Academic journal article Contemporary Nurse : a Journal for the Australian Nursing Profession

Nurses' Knowledge and Care Practices for Infection Prevention in Neutropenic Patients

Academic journal article Contemporary Nurse : a Journal for the Australian Nursing Profession

Nurses' Knowledge and Care Practices for Infection Prevention in Neutropenic Patients

Article excerpt

Background

Neutropenia is one of the most common risk factors of serious infections in immune suppressed patients. Neutropenia-associated infections can prolong hospitalization, increase re-admission, mortality and morbidity rates (Agyeman et al., 2014; Moon & Chun, 2009; Rosa & Goldani, 2014; Sacar, Kabukcu Hacioglu, Keskin, & Turgut, 2008). The financial cost of hospitalizations due to a neutropenia-associated infection episode has been reported to range from US$2549 to US $7879 (Chindaprasirt et al., 2013; Schelenz, Giles, & Abdallah, 2012; Teuffel, Amir, Alibhai, Beyene, & Sung, 2011; Wang, Wong, Hsu, & Chan, 2014) while the risk for death from infection-related complications ranges approximately from 3.6% to 21.05% (Chindaprasirt et al., 2013; Kuderer, Dale, Crawford, Cosler, & Lyman, 2006; Moon & Chun, 2009; Okera et al., 2010; Sacar et al., 2008). In addition to those global effects, patients and families experience social life restrictions, feelings of uncertainty about future, dealing with work/professional life challenges, and anxiety about changes in treatment/care plan (Fortner, Tauer, Okon, Houts, & Schwartzberg, 2005; Padilla & Ropka, 2005).

Despite the fact that neutropenia result in infections, multiple preventive treatment and care protocols are proven to reduce the infection rates, and improve quality of life (Padilla & Ropka, 2005; White, Maxwell, Michelson, & Bedell, 2005). The healthcare team but especially nurses are taking main responsibility of those types of protocols. In this context nurses, who are in close contact with patients, are expected use their evidence based knowledge and skills to plan and provide individualized care (Freifeld et al., 2011).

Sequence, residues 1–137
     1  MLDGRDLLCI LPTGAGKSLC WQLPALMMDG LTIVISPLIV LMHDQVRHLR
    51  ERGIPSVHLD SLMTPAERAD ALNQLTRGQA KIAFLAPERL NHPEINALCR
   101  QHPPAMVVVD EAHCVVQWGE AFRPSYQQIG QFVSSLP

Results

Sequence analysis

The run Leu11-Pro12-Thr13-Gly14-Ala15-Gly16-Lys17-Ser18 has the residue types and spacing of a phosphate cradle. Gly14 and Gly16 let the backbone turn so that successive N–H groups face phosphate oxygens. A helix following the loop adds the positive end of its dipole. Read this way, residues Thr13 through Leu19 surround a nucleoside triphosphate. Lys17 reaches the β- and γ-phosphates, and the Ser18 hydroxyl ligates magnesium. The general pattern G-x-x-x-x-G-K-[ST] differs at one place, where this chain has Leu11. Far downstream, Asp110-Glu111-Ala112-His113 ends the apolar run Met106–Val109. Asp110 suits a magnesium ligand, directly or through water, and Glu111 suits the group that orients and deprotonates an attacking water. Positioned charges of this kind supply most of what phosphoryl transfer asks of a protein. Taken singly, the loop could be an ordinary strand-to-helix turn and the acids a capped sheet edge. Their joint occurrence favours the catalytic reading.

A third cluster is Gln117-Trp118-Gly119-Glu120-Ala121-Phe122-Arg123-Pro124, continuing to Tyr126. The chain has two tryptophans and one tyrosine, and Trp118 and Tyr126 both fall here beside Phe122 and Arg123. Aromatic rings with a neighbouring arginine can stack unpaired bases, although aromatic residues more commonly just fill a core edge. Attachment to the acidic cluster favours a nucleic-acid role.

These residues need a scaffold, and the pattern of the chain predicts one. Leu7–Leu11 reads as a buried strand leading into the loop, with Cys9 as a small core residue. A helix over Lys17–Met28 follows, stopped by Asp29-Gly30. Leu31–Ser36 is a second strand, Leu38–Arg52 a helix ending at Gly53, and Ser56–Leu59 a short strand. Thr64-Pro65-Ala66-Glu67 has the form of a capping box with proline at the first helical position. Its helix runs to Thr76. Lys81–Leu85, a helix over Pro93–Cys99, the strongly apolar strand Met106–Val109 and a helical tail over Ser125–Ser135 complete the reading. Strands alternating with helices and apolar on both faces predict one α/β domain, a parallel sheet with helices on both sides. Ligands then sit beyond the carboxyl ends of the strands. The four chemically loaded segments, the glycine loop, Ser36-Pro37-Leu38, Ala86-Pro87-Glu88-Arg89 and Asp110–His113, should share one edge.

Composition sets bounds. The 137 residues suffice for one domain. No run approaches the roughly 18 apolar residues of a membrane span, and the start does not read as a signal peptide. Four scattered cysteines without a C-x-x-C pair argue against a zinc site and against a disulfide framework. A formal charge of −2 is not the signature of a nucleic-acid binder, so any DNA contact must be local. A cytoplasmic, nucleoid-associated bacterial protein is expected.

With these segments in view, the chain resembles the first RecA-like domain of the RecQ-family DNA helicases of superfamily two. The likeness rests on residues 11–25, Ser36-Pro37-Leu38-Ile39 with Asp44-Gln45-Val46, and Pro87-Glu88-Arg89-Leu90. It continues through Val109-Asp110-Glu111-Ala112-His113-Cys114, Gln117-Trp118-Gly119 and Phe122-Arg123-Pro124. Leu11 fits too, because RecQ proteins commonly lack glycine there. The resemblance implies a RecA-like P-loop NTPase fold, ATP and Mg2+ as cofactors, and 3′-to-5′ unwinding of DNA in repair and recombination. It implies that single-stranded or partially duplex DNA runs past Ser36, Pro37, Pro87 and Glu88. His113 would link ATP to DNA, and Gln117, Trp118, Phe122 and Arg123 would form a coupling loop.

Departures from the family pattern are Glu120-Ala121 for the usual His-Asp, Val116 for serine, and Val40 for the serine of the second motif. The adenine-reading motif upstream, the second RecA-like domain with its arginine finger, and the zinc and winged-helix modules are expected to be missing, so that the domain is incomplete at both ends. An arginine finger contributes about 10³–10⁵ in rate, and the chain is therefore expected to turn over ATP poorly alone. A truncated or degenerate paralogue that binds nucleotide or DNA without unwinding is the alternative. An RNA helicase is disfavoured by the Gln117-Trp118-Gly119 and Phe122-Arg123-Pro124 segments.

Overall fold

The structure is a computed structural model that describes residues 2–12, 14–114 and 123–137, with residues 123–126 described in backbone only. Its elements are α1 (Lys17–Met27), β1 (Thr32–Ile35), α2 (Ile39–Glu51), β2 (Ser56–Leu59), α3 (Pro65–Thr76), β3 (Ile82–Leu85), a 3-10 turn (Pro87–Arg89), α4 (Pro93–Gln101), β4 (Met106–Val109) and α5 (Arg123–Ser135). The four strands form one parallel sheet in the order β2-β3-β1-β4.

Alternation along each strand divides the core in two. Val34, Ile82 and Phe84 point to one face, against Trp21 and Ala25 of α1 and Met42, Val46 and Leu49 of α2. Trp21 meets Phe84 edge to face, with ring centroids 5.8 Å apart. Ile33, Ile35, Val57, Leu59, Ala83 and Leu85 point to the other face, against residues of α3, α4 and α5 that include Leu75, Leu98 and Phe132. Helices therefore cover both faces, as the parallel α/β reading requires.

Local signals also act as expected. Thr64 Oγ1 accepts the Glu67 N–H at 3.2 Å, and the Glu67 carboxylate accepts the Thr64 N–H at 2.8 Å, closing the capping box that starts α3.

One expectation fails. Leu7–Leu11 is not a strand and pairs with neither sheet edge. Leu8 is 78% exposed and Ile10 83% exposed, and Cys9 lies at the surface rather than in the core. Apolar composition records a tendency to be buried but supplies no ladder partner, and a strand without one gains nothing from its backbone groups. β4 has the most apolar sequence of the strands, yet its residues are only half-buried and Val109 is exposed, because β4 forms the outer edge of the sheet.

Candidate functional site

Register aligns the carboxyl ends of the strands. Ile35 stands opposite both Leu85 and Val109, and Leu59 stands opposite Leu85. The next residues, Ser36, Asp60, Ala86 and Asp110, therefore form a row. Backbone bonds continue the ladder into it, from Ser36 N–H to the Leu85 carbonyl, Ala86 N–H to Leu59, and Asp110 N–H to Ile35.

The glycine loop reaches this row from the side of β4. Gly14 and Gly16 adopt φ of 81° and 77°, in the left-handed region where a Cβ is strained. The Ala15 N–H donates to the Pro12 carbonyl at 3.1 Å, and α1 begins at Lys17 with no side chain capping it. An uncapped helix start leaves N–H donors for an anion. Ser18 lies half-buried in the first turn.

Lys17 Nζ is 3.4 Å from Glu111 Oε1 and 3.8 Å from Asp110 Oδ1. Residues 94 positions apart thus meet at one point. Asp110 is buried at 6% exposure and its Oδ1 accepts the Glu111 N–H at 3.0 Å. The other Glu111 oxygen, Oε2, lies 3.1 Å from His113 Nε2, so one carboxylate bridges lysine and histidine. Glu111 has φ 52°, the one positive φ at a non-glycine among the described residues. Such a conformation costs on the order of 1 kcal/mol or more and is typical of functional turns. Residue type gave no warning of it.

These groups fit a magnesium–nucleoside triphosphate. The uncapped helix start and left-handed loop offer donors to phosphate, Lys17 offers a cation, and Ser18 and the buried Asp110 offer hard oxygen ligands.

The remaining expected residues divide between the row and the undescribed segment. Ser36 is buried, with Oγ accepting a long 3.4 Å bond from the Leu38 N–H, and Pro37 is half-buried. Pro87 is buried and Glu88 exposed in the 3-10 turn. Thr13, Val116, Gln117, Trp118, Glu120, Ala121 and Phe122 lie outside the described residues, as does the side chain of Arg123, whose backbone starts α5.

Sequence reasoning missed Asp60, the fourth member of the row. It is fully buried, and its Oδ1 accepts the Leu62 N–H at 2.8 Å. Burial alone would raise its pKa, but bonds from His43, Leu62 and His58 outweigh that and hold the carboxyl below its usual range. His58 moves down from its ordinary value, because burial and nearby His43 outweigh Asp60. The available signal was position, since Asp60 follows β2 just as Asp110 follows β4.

Literature showed that nurses' knowledge about neutropenia and neutropenic patients care is inadequate (Abbasoglu, 1997; Ertem, 2004; Foubert, Kearney, Ouwerkerk, Uhlenhopp, & Vaessen, 2005). Foubert et al. (2005) reported that 37.4% of nurses did not give correct answer to questions related with the absolute neutrophil count at first cycle which is the strongest predictor of neutropenia and only 21.3% of them gave correct answer to the critical range of neutrophil count for neutropenia. Abbasoglu (1997) reported that only 6.9% of the nurses' knowledge score was higher than the expected mean score. Those limited study results indicated that nurses having a problem relating with theoretical background of neutropenia or care of patients with it, but among these there is scarce studies investigating how nurses' transfer their knowledge into their care practices.

The studies conducted to determine nurses', healthcare workers' or students' knowledge, attitudes, and practices were mostly focused on infections, infection control practices, hand hygiene etc.(Iliyasu et al., 2016; Nair, Hanumantappa, Hiremath, Siraj, & Raghunath, 2014; Ogoina et al., 2015; Sarani, Balouchi, Masinaeinezhad, & Ebrahimitabs, 2016; Teshager, Engeda, & Worku, 2015). Iliyasu et al. (2016) founded that the median overall percent knowledge and practice of infection control scores were 70.0% and 65.0%, respectively and there was a weak negative correlation between overall percent knowledge score and overall percent practice score. Ogoina et al. (2015) found that the health workers' median knowledge and attitude scores toward standard precautions were above 90.0%, but median practice score was 50.8%. Sarani et al. (2016) showed that only 22.0% of nurses had good knowledge and 34.0% had good practice about standart precautions for hospital-acquired infections. In another study researchers reported that even nursing students had better practice (62.1%) compared to medical students (19.6%) and they totally had moderate knowledge (74.0%) about hand hygiene (Nair et al., 2014). Teshager et al. (2015) showed that more than half of the nurses had inadequate knowledge about the prevention of surgical site infections (56. …

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